The Stand is huge. It clocks in at over 1,000 pages which makes it a recommendation for an ereader and not the very heavy hardcover version. King takes the reader on a Revelations style journey through the end times against an all powerful evil. It’s the ultimate good vs evil showdown in the aftermath of a plague. I’m starting to think these books are just too close to home in these post-pandemic days of ours. If you like Stephen King, The Stand is considered to be one of his horror masterpieces.
Emily St John Mandel
If you’re looking for an apocalypse novel that isn’t horror or completely hopeless then Station Eleven should be your top pick. Even at the end of the world people will want entertainment. This book follows a traveling acting troupe as they attempt to bring a little levity to the nomadic herds of what’s left of humanity. Of course they must face their own conflicts with the hazards of the end times but it’s largely a character driven novel about those who take their original talents with them to the collapse of society.
Swan Song is another epically long dystopian novel at 956 pages and it is another good vs evil showdown. This book takes place after the earth is destroyed by nuclear war and the people who are left worship an ancient evil. There is a small faction of people who defy this deity and focus on their sole purpose of keeping a young girl named Swan safe from his clutches. Fans of fantasy over horror or thrillers will enjoy this staple of dystopian literature.
Not all books about the apocalypse are clones of each other and the graphic novel Sweet Tooth really stands out from the crowd. Gus is a human/animal hybrid who has lived in isolation his entire life. He’s only ever known his human father and has no concept of the outside world. His naivety does not suit him well when his father dies and he is forced to leave the cabin the the woods that has been his very small world for years. Gus’ journey is an emotional trip through a mad scientist driven dystopia that pulls no punches.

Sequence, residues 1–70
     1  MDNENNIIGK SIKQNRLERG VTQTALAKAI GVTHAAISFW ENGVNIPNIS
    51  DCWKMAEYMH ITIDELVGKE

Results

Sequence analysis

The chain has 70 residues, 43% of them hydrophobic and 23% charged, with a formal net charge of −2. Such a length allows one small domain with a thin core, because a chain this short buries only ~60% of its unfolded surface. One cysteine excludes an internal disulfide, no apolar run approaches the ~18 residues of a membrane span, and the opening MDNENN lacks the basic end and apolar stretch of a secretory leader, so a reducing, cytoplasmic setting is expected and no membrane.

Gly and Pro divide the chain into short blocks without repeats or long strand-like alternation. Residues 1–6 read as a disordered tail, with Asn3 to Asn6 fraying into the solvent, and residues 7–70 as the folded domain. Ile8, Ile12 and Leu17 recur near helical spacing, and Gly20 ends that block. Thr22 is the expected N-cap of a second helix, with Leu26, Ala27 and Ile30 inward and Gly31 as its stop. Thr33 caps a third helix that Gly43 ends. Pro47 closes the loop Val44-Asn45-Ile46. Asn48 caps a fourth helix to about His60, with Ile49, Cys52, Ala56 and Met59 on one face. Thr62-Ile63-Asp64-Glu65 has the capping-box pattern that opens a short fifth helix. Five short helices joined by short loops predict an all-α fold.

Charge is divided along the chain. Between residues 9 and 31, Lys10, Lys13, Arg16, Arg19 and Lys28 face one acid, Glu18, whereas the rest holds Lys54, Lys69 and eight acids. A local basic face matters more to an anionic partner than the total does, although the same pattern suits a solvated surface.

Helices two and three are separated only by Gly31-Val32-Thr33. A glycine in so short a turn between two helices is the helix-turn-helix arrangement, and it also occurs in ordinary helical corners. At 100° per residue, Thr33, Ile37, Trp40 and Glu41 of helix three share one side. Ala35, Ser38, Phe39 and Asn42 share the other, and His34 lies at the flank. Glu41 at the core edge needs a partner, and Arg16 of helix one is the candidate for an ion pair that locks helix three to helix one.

V for Vendetta
Alan Moore and David Lloyd
V for Vendetta is best known for its movie adaptation that still stands as one of the few critically acclaimed comic book adaptations. But before Natalie Portman it was a graphic novel series written by Alan Moore. This world is not exactly at the end but it is far from ideal. Everyone is living under the rule of a tyrant and only anarchy will save humanity now. V guides the revolution and shows how drastic the measures must be to take down corruption of the highest order.
The Walking Dead
Another extremely popular comic book adaptation is The Walking Dead. Most everyone I know has watched at least a season of this show if not too many more. I finally gave up on it once Neegan came on the scene but a lot of folks stuck it out to the very end. The graphic novel series has its differences from the show but at heart they are both about navigating the zombie (ahem, walker) apocalypse. It’s a character driven story that takes every chance it gets to manipulate the reader into their own personal breakdown of having to lose loved ones over and over again.
World War Z
Seems that many of these books about the apocalypse have been adapted into hit TV shows or movies. You may know this one starring Brad Pitt but first it was a novel written in the style of uncovering real time documents and transcripts from the events as they occurred. This narrative style brings an urgency and a humanity to the downfall of human society that isn’t always present with these books. Find yourself immersed in this world like the movie failed to do.
Y, The Last Man
Last in the alphabet is the acclaimed Y: The Last Man. Another gender based apocalypse story that follows the last remaining human male on earth. He doesn’t know why he’s the only one who didn’t die but he sure does feel a lot of pressure around his new title. He’ll be required to help sustain the human race one way or another but all he wants to do is find out if his old girlfriend is still alive and interested in him.
Please share this list with that friend of yours who is oddly prepared for a zombie uprising, you know the one.